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How To Watch The 'Mister Rogers' Neighborhood' Marathon, Because Your Kids Won't Want To Miss It

An 18-day Mister Rogers' Neighborhood marathon sounds too good to be true. But what if — even better — it were totally free to watch? Invite all of your neighbors over: Here's how to watch the Mister Rogers' Neighborhood marathon, because your kids won't want to miss it.

The video game streaming site Twitch is hosting the event online. The company even has a designated URL devoted to the Mister Rogers' marathon stream: Twitch.tv/misterrogers. For the full 18 days, the show will play chronologically, not skipping an episode. It's a pretty rare occurrence; Of the 886 episodes, some have only been aired once.

It'll all start on May 15 at 12 p.m. Pacific Time. Before the first episode airs, though, Twitch will stream Fred Rogers' Senate testimony in which he advocated for PBS funding back in 1969. "I feel," Rogers testified at the time, "that if we in public television can only make it clear that feelings are mentionable and manageable, we will have done a great service for mental health." By calmly sharing his vision, and the needs he felt that his programming was meeting within the community, Rogers acquired $20 million in funding for PBS — an amount that was instrumental in shaping children's programming for subsequent generations of kids.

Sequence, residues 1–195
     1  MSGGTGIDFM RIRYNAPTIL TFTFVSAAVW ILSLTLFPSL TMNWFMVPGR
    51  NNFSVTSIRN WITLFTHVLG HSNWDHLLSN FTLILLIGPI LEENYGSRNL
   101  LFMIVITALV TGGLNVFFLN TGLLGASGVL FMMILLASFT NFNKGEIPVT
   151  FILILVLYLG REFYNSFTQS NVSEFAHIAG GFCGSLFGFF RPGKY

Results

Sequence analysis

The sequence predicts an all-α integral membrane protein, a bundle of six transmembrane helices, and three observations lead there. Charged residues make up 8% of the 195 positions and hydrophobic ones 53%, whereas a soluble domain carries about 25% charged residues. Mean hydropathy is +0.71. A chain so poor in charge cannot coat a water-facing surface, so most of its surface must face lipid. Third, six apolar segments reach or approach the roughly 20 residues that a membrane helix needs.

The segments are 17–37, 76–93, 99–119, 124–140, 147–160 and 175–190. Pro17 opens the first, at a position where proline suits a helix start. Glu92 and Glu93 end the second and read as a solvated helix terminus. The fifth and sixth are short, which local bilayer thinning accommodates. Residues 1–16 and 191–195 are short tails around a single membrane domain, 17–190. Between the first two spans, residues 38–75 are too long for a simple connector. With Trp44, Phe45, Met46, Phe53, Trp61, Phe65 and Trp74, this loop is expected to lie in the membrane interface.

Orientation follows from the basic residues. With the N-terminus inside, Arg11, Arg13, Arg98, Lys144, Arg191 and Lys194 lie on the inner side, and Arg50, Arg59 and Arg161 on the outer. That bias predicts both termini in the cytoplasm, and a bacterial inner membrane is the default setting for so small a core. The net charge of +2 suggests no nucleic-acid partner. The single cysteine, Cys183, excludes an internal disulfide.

This message is something that Twitch hopes to build upon. As the marathon plays out, Twitch will also give time for personal reflections on the value of public programming, courtesy of its partners. Twitch is also already promoting a funding campaign, encouraging donations to local PBS stations, and will continue to do so through out the marathon. There's even a contest to win a Twitch and Mister Rogers purple cardigan, generating more buzz for the event.

But why Twitch? A gaming service streaming kids programming isn't necessarily an obvious match, but the site's been working towards events of this kind for a little while. In fact, Twitch streamed all 23 seasons of Power Rangers for 17 free days back in March, so they've got some experience with this sort of thing.

Though Mister Rogers represents older versions of entertainment and Twitch represents the new, there's some vital overlap. "In a lot of ways, Mister Rogers may have been the first ‘streamer’ that many of us ever watched," Twitch's blog notes. "He’d always speak directly to his viewers in a welcoming, familiar way, and when you entered his neighborhood you immediately felt like a part of the community."

This timely marathon premieres while public funding for arts and educational programming is being threatened by the federal government. Talk about cutting the already-scant help that PBS gets is cause for many to stand up and fight for their programs — Twitch included. Starting May 15, you and yours can join in, too. Just head on over to the Mister Rogers Twitch stream and start watching!